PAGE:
Borderlands is essentially a first person action RPG. You choose one of four set character classes each with a specialised skill set – Soldier, Hunter, Siren & Berserker. Beginning at level 1, you progress through the game gaining experience points, levelling up and acquiring a constant drip feed of loot. Like a lot of action RPGs, this frequent reward system creates an addictive incentive to continue forward, as you gain access to new areas with new quests and new potential for better gear.
There are primary story quests to complete in addition to numerous side quests, all of which award more experience and rewards. As you level up you gain skill points you can spend to further specialise your chosen class. Loot comes in the form of money, weapons and upgrades. Money can be used at various vending machines to purchase (or sell excess) items such as health packs or rare upgrades. There are eight weapon types. Generally each class will specialise and have skill tress designed to enhance the use of two or so of these types, but each class can equip and use all weapons freely. Weapons also have their own skill bar which increases upon use. In terms of upgrades there are three – shields, grenade and class specific.
Borderlands is a game you can play solo (as I did) or with up to three other players cooperatively and the game is supposed to scale the difficulty accordingly, although I can’t comment on how this works exactly. Are there more enemies? Or just tougher enemies? Playing solo, I can’t say I found anything too challenging within Borderlands. Staying close to the intended level for quests, there were few moments I felt truly tested, and with a frequent save point system and the Second Wind mechanic, death is rare and has little penalty. In fact, sometimes it was easier to get myself killed to re-spawn nearby with a full health and shield rather than use up my health kits.
Playing as the Hunter class, some bosses were more tricky than others as I was specialised towards ranged combat, and many fights put you in an enclosed arena with a boss who likes to get close. However, enemy AI is pretty basic and easy to abuse. They have a lot of trouble with obstacles in the world, so you can circle around a few boxes and wait for your shield to recharge if need be without worrying too much about getting hit.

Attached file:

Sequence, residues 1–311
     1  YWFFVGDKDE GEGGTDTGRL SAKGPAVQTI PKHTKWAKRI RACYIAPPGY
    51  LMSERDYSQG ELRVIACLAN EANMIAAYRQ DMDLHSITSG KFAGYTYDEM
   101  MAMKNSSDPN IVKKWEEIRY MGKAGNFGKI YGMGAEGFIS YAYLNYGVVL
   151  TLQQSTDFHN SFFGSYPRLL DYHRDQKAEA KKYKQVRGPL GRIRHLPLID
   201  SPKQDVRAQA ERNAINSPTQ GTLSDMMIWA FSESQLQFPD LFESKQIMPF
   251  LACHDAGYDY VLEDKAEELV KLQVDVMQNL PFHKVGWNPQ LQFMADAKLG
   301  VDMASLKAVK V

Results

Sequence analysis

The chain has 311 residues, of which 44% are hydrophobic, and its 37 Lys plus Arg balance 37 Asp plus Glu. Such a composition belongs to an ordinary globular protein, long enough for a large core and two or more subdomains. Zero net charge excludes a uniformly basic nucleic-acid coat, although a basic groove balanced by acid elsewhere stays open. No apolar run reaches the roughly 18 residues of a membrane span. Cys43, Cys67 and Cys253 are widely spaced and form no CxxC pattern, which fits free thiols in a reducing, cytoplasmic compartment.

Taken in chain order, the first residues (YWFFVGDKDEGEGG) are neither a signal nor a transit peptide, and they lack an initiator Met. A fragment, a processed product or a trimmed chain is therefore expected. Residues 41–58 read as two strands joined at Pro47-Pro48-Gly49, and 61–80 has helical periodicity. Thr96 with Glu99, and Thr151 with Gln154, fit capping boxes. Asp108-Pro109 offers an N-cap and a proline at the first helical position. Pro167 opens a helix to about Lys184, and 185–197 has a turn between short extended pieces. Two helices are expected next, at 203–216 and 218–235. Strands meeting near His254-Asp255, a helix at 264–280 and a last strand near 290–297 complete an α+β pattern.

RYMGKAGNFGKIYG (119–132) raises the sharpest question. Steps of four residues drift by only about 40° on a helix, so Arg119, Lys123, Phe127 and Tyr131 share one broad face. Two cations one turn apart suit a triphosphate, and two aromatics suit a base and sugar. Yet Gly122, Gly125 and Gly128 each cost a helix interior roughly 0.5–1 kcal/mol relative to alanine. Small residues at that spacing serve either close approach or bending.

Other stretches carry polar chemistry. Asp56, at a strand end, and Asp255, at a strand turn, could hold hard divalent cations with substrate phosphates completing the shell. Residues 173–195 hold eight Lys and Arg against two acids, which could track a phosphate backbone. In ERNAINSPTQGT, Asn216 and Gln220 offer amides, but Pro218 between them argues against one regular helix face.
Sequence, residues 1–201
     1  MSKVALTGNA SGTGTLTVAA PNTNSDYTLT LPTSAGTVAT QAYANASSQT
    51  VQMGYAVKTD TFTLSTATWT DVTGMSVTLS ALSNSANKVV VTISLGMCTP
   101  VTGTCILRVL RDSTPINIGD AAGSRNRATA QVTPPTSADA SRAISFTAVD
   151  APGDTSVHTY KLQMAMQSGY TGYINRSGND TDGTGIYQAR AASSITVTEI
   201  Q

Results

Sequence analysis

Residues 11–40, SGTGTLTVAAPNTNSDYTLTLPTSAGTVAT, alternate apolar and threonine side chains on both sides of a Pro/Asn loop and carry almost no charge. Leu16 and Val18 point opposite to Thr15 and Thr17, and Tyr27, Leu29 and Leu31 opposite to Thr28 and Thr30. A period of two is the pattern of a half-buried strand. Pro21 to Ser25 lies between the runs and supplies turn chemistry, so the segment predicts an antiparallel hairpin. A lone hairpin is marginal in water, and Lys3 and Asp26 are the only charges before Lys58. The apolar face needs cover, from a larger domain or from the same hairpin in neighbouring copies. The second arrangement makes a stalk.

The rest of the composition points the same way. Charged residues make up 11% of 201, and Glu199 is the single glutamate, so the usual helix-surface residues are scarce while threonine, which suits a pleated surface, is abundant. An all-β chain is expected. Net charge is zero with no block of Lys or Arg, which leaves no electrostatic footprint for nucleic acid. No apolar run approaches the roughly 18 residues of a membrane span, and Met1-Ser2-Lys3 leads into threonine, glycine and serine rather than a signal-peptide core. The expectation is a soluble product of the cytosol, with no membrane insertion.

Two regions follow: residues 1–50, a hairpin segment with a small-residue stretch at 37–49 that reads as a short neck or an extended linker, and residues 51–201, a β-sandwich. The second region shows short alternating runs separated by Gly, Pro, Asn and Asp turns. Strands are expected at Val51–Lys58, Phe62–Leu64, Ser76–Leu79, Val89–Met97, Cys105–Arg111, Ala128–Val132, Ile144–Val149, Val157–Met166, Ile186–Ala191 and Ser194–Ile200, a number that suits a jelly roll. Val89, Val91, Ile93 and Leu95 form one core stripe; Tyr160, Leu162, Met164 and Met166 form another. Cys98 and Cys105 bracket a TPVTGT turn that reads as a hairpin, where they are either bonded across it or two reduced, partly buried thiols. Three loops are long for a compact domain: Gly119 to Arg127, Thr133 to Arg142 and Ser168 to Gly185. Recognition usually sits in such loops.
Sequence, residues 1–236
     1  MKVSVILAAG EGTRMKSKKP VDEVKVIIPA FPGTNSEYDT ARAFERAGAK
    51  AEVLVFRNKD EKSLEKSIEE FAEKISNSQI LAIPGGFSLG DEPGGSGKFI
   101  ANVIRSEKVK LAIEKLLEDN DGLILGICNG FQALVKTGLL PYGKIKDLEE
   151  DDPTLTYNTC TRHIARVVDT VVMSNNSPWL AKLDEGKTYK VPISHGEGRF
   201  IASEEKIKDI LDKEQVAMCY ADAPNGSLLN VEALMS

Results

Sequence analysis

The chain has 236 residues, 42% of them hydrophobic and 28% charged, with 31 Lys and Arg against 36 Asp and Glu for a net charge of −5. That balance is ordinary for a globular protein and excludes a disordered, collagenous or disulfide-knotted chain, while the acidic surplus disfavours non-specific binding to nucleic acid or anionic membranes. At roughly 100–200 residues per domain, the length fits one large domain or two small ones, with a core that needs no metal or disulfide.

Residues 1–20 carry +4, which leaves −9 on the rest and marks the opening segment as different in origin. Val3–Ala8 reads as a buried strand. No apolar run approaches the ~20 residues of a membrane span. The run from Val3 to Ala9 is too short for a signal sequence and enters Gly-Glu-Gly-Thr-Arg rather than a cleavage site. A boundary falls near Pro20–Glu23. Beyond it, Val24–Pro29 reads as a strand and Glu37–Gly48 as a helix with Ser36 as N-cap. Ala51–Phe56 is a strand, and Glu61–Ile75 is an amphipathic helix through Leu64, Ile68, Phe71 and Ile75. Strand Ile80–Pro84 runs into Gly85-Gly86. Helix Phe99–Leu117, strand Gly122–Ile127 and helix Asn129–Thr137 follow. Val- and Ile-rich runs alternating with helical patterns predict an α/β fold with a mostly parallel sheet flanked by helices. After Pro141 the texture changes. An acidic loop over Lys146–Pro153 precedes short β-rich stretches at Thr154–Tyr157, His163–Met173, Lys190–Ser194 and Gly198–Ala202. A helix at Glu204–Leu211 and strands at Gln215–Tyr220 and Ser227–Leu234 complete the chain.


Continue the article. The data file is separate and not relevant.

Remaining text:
The missions are a little basic, mostly just ‘kill X amount of Y’ or simply ‘Go to A and kill X’. A few more elaborate missions with multiple stages wouldn’t have hurt. In terms of the core story, it’s also rather basic and not very fleshed out, but it’s intriguing enough to keep you interested through to the end, although the ending itself is pretty abrupt and disappointing.
The world itself is a real highlight. A sort of Mad Max mixed with a sci-fi Western. It’s quite bright, colourful at times, and the cartoon/cel shaded style fits perfectly. There are a few NPCs you meet along the way so it’s not entirely a lonely affair, and VA is decent. But although I like the aesthetic design, actual level construction isn’t exactly inspired.
Most sections are just long corridor slogs from A to B, with an irritating backtrack when you’re done. This isn’t too bad for the most part, as these sections are broken up with larger, open environments you can traverse and engage in some basic vehicular combat. But the final stretch is a terrible example of this, as it’s really just a series of long corridors of the same few enemy types.
So what about the gameplay? Well, the shooting is pretty by the numbers stuff, but it does the job. You have different elemental effects you can acquire on certain weapons, each of which offers increased damage against certain enemy types, but generally you won’t really bother with it as you’ll favour whichever gun does the highest damage whilst aiming for the head. I like the fact that every class can use whatever guns they like. Playing as the Hunter, I didn’t have any trouble using shotguns as often as my class specialised revolvers.
Overall, Borderlands was a solid and enjoyable shooter. It’s nothing spectacular in terms of its gameplay, nor its level design or thin plot. But with its interesting setting, creative creatures and addictive level of progression, it rises beyond its uninspired, repetitive shooting. It may not exactly be very complex in any area but what it does do, it does do well and sometimes that’s all you really need.